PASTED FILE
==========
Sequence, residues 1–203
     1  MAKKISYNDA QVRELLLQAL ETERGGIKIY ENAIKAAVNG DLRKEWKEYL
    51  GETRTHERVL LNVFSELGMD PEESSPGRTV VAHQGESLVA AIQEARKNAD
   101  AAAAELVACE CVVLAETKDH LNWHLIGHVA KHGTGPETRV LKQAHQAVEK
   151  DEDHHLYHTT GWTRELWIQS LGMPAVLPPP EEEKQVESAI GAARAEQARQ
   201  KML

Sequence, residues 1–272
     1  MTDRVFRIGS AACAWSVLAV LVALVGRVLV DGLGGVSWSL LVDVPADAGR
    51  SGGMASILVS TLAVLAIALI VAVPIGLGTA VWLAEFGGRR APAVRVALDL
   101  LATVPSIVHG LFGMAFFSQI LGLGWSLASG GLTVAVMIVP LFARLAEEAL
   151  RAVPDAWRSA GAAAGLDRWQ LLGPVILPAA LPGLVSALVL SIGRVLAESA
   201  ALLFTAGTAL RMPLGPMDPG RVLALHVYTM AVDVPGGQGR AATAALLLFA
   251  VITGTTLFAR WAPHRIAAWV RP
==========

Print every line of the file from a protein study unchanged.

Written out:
Sequence, residues 1–203
     1  MAKKISYNDA QVRELLLQAL ETERGGIKIY ENAIKAAVNG DLRKEWKEYL
    51  GETRTHERVL LNVFSELGMD PEESSPGRTV VAHQGESLVA AIQEARKNAD
   101  AAAAELVACE CVVLAETKDH LNWHLIGHVA KHGTGPETRV LKQAHQAVEK
   151  DEDHHLYHTT GWTRELWIQS LGMPAVLPPP EEEKQVESAI GAARAEQARQ
   201  KML

Sequence, residues 1–272
     1  MTDRVFRIGS AACAWSVLAV LVALVGRVLV DGLGGVSWSL LVDVPADAGR
    51  SGGMASILVS TLAVLAIALI VAVPIGLGTA VWLAEFGGRR APAVRVALDL
   101  LATVPSIVHG LFGMAFFSQI LGLGWSLASG GLTVAVMIVP LFARLAEEAL
   151  RAVPDAWRSA GAAAGLDRWQ LLGPVILPAA LPGLVSALVL SIGRVLAESA
   201  ALLFTAGTAL RMPLGPMDPG RVLALHVYTM AVDVPGGQGR AATAALLLFA
   251  VITGTTLFAR WAPHRIAAWV RP